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With thoughtful implementation, automation can make insurers more agile

July 13, 2023

Authored by RSM Canada LLP

Joel A. Humphrey, CPA, CA shared this article

ARTICLE | July 13, 2023

As the insurance industry faces a range of challenges—including increasing competition, economic uncertainty and a tough labor market—companies must look for ways to become more agile and adapt to new ways of working.

Agile organizations can quickly and efficiently adjust to market changes, technology advancements, and shifting customer demands without sacrificing quality outcomes or customer satisfaction. Increasingly, agility also requires embracing remote or hybrid work environments to meet employee demand for greater workplace flexibility.

According to a recent workforce special report based on the Q4 2022 RSM US Middle Market Business Index survey, 74% of executives surveyed allow for hybrid work and 54% provided an option to work full-time off-site. In response to these new ways of working, companies are investing in automation to increase efficiency and employee productivity.

Hybrid and remote work are increasingly part of the middle market environment

But automation is also where organizations should use caution; many companies have fallen into the trap of rapidly implementing automation without first conducting a holistic assessment of their existing processes. A proper assessment requires a data-driven approach that involves analyzing event logs to identify, monitor and improve processes. If skipping this assessment, companies end up automating—and often accelerating—bad processes, rather than taking the opportunity to improve them.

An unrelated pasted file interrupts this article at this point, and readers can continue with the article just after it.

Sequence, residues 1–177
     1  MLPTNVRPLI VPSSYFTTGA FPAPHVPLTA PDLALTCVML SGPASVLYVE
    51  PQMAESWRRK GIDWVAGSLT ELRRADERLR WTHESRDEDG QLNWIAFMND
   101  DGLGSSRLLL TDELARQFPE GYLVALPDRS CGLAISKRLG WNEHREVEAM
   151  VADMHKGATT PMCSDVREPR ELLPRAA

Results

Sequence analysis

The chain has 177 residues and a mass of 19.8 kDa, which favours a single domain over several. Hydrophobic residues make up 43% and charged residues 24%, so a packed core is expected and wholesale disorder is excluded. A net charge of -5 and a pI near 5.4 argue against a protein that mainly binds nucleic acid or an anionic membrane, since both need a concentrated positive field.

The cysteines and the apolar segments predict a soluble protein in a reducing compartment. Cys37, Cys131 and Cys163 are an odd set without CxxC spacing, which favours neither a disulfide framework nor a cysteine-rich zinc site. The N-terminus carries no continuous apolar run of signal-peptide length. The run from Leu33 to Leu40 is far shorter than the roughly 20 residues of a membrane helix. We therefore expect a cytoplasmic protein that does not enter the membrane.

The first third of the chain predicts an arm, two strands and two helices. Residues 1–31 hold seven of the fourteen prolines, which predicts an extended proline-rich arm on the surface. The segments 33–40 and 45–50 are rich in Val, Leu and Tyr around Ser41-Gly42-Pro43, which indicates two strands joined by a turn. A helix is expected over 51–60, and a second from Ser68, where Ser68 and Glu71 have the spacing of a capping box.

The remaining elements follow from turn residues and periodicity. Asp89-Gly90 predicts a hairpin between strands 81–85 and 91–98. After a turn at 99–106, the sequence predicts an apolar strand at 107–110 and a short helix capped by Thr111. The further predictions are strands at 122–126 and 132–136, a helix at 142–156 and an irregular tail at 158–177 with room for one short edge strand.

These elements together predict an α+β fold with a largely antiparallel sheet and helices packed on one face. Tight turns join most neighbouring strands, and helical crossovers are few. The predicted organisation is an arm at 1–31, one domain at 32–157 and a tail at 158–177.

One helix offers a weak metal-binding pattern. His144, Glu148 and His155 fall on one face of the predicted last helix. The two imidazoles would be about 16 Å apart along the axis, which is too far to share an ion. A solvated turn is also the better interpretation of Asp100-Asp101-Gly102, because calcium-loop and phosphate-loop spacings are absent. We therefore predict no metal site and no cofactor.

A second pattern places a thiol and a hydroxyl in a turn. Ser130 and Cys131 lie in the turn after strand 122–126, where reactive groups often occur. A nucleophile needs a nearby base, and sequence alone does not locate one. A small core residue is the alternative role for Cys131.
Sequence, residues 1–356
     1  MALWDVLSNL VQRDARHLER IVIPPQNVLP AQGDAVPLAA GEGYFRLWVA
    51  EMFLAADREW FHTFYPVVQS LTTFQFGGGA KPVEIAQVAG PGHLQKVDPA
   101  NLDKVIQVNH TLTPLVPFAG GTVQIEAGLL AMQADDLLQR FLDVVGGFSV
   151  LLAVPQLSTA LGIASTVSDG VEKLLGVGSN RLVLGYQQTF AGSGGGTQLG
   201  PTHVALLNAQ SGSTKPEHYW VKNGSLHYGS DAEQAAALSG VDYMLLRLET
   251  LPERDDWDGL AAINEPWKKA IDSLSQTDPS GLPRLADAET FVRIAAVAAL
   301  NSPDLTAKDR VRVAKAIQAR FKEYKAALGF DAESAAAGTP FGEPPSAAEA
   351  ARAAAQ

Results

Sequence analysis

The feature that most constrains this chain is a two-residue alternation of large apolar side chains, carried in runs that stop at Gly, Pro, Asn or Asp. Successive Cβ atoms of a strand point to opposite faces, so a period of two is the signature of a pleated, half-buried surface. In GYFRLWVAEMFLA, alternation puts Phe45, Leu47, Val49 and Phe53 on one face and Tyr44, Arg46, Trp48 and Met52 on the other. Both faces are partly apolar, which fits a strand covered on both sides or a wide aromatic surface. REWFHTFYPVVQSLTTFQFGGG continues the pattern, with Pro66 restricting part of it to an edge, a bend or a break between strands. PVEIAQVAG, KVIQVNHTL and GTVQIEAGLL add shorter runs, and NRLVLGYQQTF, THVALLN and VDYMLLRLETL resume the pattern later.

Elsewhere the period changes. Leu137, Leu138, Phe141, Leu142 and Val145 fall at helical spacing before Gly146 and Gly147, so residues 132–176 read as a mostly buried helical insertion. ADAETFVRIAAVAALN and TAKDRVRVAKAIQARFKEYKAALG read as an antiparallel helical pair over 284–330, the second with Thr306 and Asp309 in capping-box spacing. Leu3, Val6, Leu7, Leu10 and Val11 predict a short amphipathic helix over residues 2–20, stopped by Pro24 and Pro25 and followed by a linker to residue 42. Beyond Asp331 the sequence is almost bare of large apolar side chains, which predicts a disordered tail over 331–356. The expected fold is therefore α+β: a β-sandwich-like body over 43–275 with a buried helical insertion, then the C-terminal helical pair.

Process intelligence can help organizations avoid this pitfall. At a basic level, this involves a company harnessing data from its own systems of record to identify transaction pathways and uncover more granular insights into how processes are executed.

For insurers, process intelligence can be especially useful in helping them decide whether to automate or outsource specific functions to gain efficiencies and respond to market demands more quickly. In one recent example, RSM used process-mining technology to help a client identify claims process gaps and improve claims segmentation, allowing the company to handle claims faster.

Acquiring process intelligence can be broken down into three stages:

Process mining: Through data extraction, a company first collects event logs that show all event steps, including details such as the date and time each step of an event took place and who performed it. Process-mining technology can help by automating extraction and sorting tasks previously performed manually.

Process analysis: The company analyzes the extracted data to identify bottlenecks, gaps and other process inefficiencies, as well as potential fraud and compliance issues. A company can then develop ways to reduce waste, increase operational efficiency, and better manage risks. Improved efficiency can lead to cost savings through reduced labor and material costs, decreased errors and rework, and better resource utilization.

Full visualization of processes enables a company to work on reengineering what is broken before making substantial investments in technology and/or outsourcing solutions.

Protecting the improvements: Monitoring improvements for adoption and process conformity requires disciplined focus and continuity. Some organizations establish a process center of excellence to measure performance outcomes empowered by data-driven insights and reporting.

The insurance industry continues to face a range of challenges that require quick and efficient responses. Like organizations in other industries, many insurers and brokerages are considering investing in automation to streamline processes, reduce errors, and improve efficiency, with the goal of increasing operational strength. Streamlining tasks such as claims processing, policy administration, and underwriting can reduce costs and improve the employee and customer experience.

Knowing which processes to automate can be a challenge. However, with the help of process-mining technology, companies can acquire process intelligence to guide them in identifying and fixing broken processes; deciding whether to automate, outsource or eliminate processes; and monitoring and protecting process improvements.

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This article was written by Marlene Dailey and originally appeared on 2023-07-13 RSM Canada, and is available online at

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